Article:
Gateway Casinos in Ontario remain shuttered after company officials say a “cybersecurity incident” resulted in an outage of the casinos’ information technology (IT) network.
Gateway’s 14 casinos in the province have remained closed since around 1 pm EST on Sunday, April 16. The properties will remain dark for several more days, a company statement released Monday evening informed.
Over the weekend, we detected a cybersecurity incident and closed our operations in Ontario. We have retained third-party cyber professionals who are working 24/7 to help us restore the IT environment,” the Gateway Casinos statement read.
Gateway officials said the “utmost concern” is the “protection of personal data and information.” The company said at this time, it has no knowledge that private information has been compromised.
“At this point, we do not have any information indicating that this incident involves any compromise of personal data,” the statement continued. “However, we are in the process of notifying the relevant privacy officials and gaming regulator of the incident.”
The United States FBI and other law enforcement agencies and cybersecurity officials have said in recent years that casinos have become prime targets for cyberattacks and ransomware strikes. Though Gateway hasn’t said whether its IT incident is the result of a direct attack by hackers or a ransomware group, several other casino operators have recently been targeted.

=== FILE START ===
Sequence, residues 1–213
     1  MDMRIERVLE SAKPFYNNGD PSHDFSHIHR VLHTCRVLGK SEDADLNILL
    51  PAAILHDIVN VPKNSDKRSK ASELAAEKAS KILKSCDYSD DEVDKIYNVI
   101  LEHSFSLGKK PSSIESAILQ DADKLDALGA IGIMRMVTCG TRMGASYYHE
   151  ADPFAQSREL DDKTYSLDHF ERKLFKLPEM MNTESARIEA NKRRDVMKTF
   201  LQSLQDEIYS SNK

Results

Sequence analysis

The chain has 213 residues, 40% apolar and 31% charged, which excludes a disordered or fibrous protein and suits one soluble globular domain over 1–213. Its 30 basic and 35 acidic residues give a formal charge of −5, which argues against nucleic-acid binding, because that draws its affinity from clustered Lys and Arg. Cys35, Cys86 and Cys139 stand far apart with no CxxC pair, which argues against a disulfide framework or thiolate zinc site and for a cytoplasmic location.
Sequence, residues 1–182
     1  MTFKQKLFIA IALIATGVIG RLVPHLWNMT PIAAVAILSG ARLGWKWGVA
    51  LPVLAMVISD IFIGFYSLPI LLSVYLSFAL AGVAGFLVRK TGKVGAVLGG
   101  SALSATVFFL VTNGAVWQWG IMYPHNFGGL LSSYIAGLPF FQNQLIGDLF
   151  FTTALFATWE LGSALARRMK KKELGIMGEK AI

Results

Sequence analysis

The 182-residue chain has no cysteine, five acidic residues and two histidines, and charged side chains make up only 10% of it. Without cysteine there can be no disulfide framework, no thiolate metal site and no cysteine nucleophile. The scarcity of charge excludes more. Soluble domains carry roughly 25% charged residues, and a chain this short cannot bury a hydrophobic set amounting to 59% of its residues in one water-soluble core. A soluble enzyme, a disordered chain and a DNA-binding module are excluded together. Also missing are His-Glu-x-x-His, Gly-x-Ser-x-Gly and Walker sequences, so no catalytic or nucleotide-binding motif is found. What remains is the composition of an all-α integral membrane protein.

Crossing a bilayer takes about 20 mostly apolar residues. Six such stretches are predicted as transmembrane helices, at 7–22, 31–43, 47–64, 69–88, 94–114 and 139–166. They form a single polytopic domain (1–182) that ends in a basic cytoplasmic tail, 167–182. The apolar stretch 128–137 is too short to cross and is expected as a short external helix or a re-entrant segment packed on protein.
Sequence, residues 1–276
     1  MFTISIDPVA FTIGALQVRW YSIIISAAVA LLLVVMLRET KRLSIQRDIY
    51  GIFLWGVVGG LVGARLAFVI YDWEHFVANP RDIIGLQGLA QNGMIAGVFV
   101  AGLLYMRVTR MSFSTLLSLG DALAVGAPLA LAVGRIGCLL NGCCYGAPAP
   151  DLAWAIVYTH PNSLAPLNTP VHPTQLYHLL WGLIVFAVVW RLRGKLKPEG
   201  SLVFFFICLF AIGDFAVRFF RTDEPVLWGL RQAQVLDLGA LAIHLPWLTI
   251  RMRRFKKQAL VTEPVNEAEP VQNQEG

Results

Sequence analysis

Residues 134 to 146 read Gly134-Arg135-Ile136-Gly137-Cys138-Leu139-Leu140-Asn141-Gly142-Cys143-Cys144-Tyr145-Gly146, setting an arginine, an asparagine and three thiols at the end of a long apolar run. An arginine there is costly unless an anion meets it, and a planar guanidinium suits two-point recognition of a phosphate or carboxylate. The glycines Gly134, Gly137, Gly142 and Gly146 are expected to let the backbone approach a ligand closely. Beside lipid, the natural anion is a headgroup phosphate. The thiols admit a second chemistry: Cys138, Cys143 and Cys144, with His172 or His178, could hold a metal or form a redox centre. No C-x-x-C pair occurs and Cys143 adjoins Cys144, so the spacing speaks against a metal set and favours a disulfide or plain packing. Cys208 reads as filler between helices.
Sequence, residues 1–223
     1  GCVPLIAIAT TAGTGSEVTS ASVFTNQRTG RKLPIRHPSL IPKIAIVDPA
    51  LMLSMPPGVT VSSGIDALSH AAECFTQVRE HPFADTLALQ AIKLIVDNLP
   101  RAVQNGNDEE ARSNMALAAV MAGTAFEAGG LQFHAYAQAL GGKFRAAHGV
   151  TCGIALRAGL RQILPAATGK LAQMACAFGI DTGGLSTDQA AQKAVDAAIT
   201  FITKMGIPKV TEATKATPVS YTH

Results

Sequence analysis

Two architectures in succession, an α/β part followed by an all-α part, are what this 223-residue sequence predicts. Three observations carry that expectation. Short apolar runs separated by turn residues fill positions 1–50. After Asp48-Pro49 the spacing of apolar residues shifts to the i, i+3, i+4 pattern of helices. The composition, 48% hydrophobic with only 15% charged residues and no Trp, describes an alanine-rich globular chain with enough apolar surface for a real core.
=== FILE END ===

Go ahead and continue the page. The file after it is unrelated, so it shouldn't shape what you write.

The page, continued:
Crown Resorts, the largest casino operator in Australia, just last month was hit with a ransomware attack in part of the worldwide GoAnywhere network infiltration. Crown said that while its computer systems were compromised by the ransomware group called Clop, customer data was not obtained. However, the casino company said some worker data had been wrongly obtained.
Last year, a malware incident resulted in the Palms Las Vegas website going offline for more than 24 hours, which disrupted operations at the off-Strip resort. And in December, DraftKings and FanDuel were the targets of a cyberattack that resulted in some customer accounts being compromised.
Though Gateway is saying that there’s no evidence that customer and employee information was compromised, the company’s statement will likely do little to calm fears among those potentially involved.
“We appreciate the continued patience of our employees, customers, and government partners as we work to reopen our properties in Ontario. We will continue to provide further updates to the public regarding our opening,” the Gateway statement concluded.
Gateway Casinos operates its 14 Ontario casinos on behalf of the Ontario Lottery and Gaming Corporation (OLG). The gaming entity controlled by the Government of Ontario owns 28 casinos across the province.
The OLG said in its 2021-22 annual report that its 28 brick-and-mortar casinos generated gross gaming revenue of $2.2 billion during the 12-month period that ran from April 1, 2021, through March 31, 2022.
$2.2 billion in GGR comes out to about $6 million a day in gaming income that the OLG casinos won each day during the fiscal year. With more than half of its casinos remaining closed because of the Gateway cybersecurity incident, the Ontario government is losing out on considerable tax revenue.
The post Gateway Casinos Say Ontario Properties Suffered ‘Cybersecurity Incident’ appeared first on Casino.org.